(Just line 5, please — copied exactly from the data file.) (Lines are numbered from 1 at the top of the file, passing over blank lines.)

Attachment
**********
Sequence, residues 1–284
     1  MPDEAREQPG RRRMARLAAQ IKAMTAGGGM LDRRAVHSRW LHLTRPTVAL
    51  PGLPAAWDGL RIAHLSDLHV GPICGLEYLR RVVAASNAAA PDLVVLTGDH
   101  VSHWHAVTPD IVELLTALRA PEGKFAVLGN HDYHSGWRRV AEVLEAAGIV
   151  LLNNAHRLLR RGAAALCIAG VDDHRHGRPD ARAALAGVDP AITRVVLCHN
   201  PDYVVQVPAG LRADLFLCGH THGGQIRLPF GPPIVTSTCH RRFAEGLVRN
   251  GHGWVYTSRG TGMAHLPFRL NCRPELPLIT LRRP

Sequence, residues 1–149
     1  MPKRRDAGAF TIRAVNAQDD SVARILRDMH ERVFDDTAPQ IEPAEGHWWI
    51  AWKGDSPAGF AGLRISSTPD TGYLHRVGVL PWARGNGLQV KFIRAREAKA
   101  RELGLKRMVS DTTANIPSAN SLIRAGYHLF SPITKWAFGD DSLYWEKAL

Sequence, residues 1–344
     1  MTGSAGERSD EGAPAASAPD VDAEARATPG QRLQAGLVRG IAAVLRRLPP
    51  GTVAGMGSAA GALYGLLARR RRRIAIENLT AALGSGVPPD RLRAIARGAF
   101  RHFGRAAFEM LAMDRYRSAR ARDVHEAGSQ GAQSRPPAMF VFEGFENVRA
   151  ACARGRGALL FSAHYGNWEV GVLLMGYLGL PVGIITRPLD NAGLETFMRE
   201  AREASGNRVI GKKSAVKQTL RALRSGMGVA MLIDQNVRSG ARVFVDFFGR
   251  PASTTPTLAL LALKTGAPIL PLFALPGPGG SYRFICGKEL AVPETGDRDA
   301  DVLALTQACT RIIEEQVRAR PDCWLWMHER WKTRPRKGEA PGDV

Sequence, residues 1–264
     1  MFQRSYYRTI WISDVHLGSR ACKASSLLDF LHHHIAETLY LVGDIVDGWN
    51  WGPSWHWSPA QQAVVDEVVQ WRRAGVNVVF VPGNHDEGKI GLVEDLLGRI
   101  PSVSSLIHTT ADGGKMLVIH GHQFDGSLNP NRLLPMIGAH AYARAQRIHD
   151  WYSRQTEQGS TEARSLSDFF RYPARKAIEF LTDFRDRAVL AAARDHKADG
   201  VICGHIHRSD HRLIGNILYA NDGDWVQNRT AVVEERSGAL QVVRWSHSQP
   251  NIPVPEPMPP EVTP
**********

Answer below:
   151  LLNNAHRLLR RGAAALCIAG VDDHRHGRPD ARAALAGVDP AITRVVLCHN